By Jim Schutze
By Rachel Watts
By Lauren Drewes Daniels
By Anna Merlan
By Lee Escobedo
By Eric Nicholson
Johnson is the ultimate game-managing bus driver, a Bill Parcells wet dream. But after getting comfy watching Romo throw to Witten, being subjected to Johnson soft-tossing to Tony Curtis feels like downgrading from Phyllis George to Phyllis Diller. Aesthetically pleasing? Johnson's throwing motion is similar to a senior citizen's first date with a Wii.
To his credit, Phillips squeezed blood from the offense's shriveled turnip. After watching Johnson booed and Flozell Adams with yet another false start and a 1-2-3-kick! routine straight from the Kilgore Rangerettes, the head coach gambled on fourth downs and bypassed a field goal for a risky throw into the end zone for the game's only touchdown.
For a week, it worked. But it feels more like a temporary stay of execution than a permanent lease on life. You'd need Isiah Thomas' version of the truth to believe the Cowboys aren't still broken.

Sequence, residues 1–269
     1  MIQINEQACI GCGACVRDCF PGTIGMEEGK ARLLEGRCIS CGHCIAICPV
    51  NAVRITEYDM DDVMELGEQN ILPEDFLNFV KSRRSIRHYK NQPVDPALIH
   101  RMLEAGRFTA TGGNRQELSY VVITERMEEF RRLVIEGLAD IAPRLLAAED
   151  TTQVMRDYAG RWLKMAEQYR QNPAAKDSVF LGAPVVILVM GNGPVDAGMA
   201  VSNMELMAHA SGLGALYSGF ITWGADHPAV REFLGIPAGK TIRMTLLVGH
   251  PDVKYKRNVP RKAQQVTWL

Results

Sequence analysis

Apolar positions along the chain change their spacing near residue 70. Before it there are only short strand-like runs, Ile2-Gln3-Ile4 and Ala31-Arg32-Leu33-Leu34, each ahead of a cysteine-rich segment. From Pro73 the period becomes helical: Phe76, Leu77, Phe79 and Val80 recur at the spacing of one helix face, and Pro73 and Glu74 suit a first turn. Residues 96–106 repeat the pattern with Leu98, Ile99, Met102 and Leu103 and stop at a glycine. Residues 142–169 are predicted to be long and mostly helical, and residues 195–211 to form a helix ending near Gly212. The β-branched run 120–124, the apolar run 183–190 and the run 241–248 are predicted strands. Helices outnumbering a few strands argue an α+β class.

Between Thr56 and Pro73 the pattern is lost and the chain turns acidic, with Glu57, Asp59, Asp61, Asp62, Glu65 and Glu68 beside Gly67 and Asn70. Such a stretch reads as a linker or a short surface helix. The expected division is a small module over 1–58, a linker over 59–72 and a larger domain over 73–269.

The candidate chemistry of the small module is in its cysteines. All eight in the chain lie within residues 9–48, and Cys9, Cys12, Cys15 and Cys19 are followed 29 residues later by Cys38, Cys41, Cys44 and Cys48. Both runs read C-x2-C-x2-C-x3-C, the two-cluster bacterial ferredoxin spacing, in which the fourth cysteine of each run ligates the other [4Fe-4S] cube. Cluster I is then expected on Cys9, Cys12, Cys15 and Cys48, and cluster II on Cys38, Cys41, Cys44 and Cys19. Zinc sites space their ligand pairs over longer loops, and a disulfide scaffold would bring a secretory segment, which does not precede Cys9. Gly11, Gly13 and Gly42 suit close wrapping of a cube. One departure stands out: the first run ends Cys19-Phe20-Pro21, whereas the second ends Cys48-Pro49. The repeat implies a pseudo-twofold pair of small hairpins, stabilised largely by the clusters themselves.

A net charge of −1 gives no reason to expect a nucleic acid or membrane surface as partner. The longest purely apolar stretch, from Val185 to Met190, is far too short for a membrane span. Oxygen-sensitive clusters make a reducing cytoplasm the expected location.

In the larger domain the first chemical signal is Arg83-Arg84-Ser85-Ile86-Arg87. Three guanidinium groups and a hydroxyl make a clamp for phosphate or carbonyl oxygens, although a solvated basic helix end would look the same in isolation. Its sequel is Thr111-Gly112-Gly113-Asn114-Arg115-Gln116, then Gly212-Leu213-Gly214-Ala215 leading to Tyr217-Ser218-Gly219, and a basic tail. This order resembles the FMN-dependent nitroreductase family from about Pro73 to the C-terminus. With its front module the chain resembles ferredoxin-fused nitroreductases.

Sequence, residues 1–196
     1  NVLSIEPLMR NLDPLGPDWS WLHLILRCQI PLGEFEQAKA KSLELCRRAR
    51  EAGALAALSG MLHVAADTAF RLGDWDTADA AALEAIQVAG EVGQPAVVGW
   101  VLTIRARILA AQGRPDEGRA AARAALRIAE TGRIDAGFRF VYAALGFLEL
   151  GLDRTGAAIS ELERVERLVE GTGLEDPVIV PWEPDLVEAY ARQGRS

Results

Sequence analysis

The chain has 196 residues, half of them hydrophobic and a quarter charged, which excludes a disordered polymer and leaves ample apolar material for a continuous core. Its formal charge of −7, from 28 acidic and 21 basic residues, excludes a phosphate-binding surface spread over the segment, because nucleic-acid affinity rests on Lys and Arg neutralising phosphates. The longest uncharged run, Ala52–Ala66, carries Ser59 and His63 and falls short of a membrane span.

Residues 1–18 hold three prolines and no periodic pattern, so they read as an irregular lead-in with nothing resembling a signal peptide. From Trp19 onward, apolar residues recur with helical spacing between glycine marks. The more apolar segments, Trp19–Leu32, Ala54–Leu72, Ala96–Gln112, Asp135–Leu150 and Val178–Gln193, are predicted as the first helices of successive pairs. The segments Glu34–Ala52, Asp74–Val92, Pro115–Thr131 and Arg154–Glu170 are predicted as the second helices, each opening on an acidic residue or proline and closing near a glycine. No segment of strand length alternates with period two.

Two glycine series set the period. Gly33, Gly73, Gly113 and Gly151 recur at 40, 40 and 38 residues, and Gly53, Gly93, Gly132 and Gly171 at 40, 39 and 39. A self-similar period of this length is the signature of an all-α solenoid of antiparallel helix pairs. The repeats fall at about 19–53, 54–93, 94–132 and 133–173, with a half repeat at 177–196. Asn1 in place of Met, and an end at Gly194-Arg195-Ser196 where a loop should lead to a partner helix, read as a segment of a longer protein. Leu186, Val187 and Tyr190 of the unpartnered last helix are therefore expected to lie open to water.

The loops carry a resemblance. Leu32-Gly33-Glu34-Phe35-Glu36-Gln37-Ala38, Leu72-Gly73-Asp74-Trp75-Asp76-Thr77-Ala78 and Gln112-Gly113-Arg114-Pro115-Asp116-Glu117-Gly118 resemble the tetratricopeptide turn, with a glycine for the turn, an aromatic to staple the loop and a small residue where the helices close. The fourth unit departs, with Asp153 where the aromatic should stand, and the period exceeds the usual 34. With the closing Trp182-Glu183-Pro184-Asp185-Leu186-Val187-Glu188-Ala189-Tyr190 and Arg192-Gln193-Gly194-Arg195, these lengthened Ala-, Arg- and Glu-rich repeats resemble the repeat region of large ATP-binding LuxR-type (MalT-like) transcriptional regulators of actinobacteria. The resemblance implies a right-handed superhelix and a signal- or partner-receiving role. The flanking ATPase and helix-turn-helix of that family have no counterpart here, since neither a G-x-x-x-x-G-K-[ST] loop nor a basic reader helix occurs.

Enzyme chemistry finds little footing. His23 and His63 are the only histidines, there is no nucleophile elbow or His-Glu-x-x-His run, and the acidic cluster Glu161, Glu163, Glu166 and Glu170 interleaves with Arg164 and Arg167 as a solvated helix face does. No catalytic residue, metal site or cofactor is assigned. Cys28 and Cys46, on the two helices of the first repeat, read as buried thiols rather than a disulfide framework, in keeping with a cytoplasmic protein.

After the bye Romo gets healthy and Felix Jones gets healthy and Witten gets healthy and Kosier gets healthy and Henry gets healthy and Terence Newman gets healthy and Anthony Spencer gets healthy and Roy Williams gets better and Pacman Jones gets reincarnated.
Said Phillips, "I think everyone knows that after the bye we'll be a lot stronger."
Remember, the Giants won the Super Bowl last year without winning the division. In a country that might actually elect a black president, anything's possible. Wild cards do win. The Cowboys, for a refreshing change, could peak at the end of the season instead of the beginning.
But, more likely, the mere fact that Dallas is wildly celebrating mid-season wins is a testament that things have gone horribly, irreversibly wrong.
If the Cowboys are this happy just to survive in October, is it realistic to think they can succeed in January?